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Treatments for pediatric Crohn's disease cases vary widely in North America

Clinicians vary in their care for children with Crohn's disease (CD) because of sparse standard clinical practice guidelines and the wealth of available treatments, a new study finds. These care variations can result in differences in health care costs, quality, and outcomes.

Michael D. Kappelman, M.D., of Harvard Medical School, led a team of researchers who reviewed treatments given to 311 children newly diagnosed with CD at 10 gastroenterology centers in the United States and Canada from January 2002 to August 2005. They looked at which drugs children were given to manage their CD, a chronic inflammatory bowel disease. CD is thought to be caused by the immune system attacking the lining of the gastrointestinal system. It can cause abdominal pain, diarrhea, gastrointestinal bleeding, and impaired growth, and sometimes may lead to life-threatening complications.

Physicians used several types of drugs to reduce children's symptoms. Immunomodulators, which adjust the body's immune response, were used in anywhere from 29 to 97 percent (with a median of 56 percent) of patients. These drugs offer the most benefit but also the most risk, which may explain the variation, researchers suggest. Also used were steroids (32 to 88 percent), antibiotics (11 to 69 percent), anti-inflammatories (18 to 92 percent), and an antibody that reduces inflammation called infliximab (3 to 21 percent). Treatment variation was less with infliximab, most likely because clinical trials have defined when it should be used.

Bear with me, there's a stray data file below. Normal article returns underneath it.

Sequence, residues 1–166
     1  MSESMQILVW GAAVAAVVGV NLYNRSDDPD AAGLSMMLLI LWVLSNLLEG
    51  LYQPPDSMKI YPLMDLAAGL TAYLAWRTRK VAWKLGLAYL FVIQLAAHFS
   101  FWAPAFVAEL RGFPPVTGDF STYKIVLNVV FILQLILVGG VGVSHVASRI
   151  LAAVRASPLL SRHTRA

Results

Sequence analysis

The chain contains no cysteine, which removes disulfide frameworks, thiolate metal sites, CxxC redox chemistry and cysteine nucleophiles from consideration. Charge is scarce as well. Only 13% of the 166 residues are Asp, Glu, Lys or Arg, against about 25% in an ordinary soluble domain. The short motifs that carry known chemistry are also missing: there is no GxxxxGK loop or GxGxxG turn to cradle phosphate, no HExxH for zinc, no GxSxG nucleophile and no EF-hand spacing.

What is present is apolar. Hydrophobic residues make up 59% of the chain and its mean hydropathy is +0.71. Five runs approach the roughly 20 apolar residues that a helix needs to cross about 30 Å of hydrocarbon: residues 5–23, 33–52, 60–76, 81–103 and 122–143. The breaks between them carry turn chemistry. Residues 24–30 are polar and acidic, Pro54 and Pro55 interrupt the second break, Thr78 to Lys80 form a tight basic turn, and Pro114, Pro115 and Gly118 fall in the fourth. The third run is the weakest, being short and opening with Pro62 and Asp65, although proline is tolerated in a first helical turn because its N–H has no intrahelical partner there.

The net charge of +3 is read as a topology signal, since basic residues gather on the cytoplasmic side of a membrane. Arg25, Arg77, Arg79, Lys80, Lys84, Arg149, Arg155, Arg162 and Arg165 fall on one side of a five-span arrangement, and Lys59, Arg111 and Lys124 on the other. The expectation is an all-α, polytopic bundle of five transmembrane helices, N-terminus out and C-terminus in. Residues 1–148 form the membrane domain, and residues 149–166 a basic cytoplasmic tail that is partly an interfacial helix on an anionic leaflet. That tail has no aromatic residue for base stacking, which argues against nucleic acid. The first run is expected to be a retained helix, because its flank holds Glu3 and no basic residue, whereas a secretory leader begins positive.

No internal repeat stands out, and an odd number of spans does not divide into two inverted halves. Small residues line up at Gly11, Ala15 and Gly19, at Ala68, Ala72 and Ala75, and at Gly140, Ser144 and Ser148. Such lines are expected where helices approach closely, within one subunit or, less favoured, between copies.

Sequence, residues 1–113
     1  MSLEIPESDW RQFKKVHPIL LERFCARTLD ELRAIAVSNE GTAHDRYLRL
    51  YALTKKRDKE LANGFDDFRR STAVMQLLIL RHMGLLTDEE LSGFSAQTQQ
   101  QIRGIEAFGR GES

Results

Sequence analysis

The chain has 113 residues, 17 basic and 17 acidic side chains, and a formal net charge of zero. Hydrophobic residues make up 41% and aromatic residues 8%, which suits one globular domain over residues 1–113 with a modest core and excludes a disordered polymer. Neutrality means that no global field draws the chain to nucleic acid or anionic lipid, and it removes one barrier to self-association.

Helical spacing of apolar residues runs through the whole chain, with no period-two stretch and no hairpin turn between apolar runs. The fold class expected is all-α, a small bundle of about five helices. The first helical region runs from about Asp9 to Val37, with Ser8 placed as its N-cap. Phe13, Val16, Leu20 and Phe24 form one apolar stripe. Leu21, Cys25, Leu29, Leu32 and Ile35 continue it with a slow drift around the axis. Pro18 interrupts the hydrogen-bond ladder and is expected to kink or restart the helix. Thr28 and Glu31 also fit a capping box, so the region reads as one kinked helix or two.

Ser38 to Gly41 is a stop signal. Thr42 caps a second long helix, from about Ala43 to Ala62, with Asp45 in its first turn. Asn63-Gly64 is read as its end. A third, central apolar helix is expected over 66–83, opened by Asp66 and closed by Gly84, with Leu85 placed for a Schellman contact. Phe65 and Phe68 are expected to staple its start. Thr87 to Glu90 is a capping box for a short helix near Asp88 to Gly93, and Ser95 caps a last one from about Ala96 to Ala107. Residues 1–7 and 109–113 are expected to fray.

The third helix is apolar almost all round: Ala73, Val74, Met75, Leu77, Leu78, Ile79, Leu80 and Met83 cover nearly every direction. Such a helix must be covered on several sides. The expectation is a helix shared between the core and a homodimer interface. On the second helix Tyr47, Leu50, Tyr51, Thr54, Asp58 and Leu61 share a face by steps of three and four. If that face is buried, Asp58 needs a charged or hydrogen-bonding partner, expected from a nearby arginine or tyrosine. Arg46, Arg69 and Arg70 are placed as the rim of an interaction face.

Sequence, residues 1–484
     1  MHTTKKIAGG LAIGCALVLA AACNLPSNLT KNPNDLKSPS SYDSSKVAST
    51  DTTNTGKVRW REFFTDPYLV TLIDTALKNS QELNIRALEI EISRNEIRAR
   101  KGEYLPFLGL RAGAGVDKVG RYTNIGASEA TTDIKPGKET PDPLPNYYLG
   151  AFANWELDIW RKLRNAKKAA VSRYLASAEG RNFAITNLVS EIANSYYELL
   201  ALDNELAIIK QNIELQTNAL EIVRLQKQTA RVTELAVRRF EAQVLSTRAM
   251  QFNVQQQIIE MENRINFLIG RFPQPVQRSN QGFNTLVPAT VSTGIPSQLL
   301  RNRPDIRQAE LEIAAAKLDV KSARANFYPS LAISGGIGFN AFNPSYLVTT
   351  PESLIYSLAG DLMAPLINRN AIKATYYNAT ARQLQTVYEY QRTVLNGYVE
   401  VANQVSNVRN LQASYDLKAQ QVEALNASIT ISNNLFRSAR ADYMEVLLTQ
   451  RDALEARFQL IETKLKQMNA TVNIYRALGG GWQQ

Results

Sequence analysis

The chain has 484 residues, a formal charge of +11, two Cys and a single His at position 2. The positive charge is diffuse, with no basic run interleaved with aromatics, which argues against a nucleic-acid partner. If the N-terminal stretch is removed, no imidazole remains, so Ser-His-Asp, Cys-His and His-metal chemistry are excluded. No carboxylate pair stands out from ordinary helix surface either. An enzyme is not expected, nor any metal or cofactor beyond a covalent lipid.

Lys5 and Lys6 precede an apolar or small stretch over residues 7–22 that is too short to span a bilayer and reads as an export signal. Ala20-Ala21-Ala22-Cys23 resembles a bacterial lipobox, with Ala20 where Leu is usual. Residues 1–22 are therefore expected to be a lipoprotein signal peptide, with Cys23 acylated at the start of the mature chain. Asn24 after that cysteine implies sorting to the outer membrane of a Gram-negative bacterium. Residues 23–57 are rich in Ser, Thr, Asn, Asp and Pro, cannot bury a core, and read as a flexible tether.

These differing approaches suggest a need for more clinical trials to create a consensus on how to treat children with CD. Standard practice guidelines based on clinical evidence will improve the safety and quality of the care these chronically ill children receive. This study was funded in part by the Agency for Healthcare Research and Quality (T32 HS00063).

See "Intercenter variation in initial management of children with Crohn's disease," by Dr. Kappelman, Athos Bousvaros, M.D., Jeffrey Hyams, M.D., and others in the July 2007 Inflammatory Bowel Disease 13(7), pp. 890-895.

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